$\begin{array}{rl}|f\left(x\right)âˆ’f\left(y\right)|& =|\frac{1}{2}yâˆ’\frac{1}{4}âˆ’\frac{1}{8}x|=|\frac{1}{8}\left(yâˆ’x\right)+\frac{3}{8}\left(yâˆ’\frac{2}{3}\right)|\\ â‰¤\frac{1}{8}|yâˆ’x|+\frac{3}{8}|yâˆ’x|=\frac{1}{2}|yâˆ’x|.\end{array}$

Similarly, we can show that for any $x,yâˆˆ\left[0,1\right]$, $|f\left(x\right)âˆ’f\left(y\right)|â‰¤\frac{1}{2}|yâˆ’x|$. Thus, ${M}_{1}=\frac{1}{2}$.

For $xâˆˆ\left[\frac{1}{4},\frac{1}{2}\right]$ and $yâˆˆ\left[\frac{3}{4},1\right]$, we have

$|f\left(x\right)âˆ’f\left(y\right)|=|\frac{1}{2}yâˆ’\frac{1}{4}âˆ’\frac{1}{4}x+\frac{1}{32}|â‰¥\frac{1}{4}|yâˆ’x|âˆ’\frac{1}{4}|yâˆ’\frac{7}{8}|.$

If $1â‰¥yâ‰¥\frac{7}{8}$, then $|f\left(x\right)âˆ’f\left(y\right)|â‰¥\frac{1}{4}|yâˆ’x|â‰¥\frac{1}{8}|yâˆ’x|$; if $\frac{7}{8}â‰¥yâ‰¥\frac{3}{4}$, then

$|f\left(x\right)âˆ’f\left(y\right)|â‰¥\frac{1}{4}|yâˆ’x|âˆ’\frac{1}{32}â‰¥\frac{3}{16}|yâˆ’x|â‰¥\frac{1}{8}|yâˆ’x|,$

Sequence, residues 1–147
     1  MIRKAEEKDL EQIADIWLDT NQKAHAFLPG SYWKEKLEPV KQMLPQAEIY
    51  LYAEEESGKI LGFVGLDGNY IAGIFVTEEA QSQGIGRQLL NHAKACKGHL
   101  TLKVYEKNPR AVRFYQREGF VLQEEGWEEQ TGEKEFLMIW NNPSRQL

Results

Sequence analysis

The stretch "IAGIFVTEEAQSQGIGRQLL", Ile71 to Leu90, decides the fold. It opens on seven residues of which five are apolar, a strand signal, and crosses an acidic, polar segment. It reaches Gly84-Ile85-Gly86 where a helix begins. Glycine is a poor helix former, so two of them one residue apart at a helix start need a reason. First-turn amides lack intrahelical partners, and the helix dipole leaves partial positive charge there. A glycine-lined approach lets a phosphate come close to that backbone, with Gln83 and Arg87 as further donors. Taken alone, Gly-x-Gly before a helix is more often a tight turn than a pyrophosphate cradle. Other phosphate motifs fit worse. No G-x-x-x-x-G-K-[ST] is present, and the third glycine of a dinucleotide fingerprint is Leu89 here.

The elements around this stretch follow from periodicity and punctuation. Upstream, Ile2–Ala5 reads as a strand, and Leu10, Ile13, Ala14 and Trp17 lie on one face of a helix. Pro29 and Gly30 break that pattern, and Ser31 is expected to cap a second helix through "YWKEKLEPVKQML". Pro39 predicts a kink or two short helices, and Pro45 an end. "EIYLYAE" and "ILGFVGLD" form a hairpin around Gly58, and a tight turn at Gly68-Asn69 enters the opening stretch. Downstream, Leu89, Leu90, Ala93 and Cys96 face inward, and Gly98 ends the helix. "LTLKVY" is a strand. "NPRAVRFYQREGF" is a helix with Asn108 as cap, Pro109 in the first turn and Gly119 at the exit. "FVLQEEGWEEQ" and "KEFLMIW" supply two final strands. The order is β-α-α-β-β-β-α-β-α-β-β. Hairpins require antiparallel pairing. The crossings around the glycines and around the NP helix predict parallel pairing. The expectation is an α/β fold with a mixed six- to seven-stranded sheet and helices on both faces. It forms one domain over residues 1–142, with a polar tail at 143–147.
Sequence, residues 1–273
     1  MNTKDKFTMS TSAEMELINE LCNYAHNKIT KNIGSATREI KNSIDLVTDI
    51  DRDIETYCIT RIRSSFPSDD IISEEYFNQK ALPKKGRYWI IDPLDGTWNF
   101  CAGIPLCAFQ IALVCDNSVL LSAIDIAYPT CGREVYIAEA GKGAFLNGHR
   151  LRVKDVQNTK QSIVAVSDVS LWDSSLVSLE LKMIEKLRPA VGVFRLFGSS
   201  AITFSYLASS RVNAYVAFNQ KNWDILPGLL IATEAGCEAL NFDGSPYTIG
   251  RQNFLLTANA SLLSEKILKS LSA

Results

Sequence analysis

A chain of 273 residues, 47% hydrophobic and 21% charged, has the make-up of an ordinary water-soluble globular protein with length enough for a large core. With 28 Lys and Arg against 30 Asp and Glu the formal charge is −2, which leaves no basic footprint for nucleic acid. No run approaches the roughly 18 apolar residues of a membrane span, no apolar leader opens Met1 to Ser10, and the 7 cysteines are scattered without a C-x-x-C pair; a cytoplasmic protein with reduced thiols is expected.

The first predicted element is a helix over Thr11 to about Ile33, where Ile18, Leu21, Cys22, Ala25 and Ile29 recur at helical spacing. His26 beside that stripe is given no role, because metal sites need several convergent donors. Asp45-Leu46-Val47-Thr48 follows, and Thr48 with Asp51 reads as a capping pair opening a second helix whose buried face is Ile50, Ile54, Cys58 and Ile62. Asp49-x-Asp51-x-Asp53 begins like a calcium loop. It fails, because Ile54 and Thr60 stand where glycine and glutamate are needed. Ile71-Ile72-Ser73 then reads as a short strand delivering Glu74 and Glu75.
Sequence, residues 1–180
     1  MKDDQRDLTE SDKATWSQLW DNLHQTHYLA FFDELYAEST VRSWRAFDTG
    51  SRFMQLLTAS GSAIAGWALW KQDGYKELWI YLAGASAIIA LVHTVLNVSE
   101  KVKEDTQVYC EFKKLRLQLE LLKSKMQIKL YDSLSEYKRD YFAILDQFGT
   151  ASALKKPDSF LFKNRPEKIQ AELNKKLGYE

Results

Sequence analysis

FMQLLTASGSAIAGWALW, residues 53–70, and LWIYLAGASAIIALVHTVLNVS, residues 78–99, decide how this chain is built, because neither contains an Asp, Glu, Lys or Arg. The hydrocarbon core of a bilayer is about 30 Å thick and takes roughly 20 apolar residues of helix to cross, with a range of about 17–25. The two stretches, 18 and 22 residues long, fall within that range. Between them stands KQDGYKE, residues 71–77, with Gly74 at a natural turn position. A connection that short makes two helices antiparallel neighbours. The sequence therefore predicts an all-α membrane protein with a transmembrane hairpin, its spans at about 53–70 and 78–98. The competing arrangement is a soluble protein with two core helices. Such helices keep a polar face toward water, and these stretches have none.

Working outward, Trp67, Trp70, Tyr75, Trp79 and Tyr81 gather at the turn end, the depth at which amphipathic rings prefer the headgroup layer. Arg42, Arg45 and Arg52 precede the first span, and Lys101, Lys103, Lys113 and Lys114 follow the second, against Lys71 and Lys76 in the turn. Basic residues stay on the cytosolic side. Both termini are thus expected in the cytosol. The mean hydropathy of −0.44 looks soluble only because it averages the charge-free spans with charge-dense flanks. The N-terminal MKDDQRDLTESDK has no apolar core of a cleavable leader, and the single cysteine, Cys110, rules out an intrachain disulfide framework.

since $\frac{1}{2}â‰¤|yâˆ’x|â‰¤\frac{3}{4}$. Similarly, we can show that for any $x,yâˆˆ\left[0,1\right]$, $|f\left(x\right)âˆ’f\left(y\right)|â‰¥\frac{1}{8}|yâˆ’x|$. Thus, ${m}_{1}=\frac{1}{8}$. Therefore, we can get a quasi-convex solution $f\left(x\right)$ of equation (4.1) by Theorem 3.3, which is continuously dependent on the given function $g\left(x\right)âˆˆX\left(I;{M}_{1}\right)$ with $M=\frac{3âˆ’\sqrt{7}}{2}$ by Theorem 3.5. Moreover, equation (4.1) satisfies the Hyers-Ulam stability in $X\left(I;\frac{131âˆ’49\sqrt{7}}{152âˆ’48\sqrt{7}},\frac{3âˆ’\sqrt{7}}{2}\right)$ by Theorem 3.6.

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## Acknowledgements

This work was supported by the PhD Start-up Fund of the Natural Science Foundation of Guangdong Province, China (S2011040000464), the Project of Department of Education of Guangdong Province, China (2012KJCX0074), the Natural Science Funds of Zhanjiang Normal University (QL1002, LZL1101), and the Doctoral Project of Zhanjiang Normal University (ZL1109). The authors would like to thank Dr. Shengfu Deng for his very helpful comments and suggestions.

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Liang, Y., Li, X. & Mi, Y. The ${C}^{0}$ solutions of the Feigenbaum-like functional equation. Adv Differ Equ 2013, 231 (2013). https://doi.org/10.1186/1687-1847-2013-231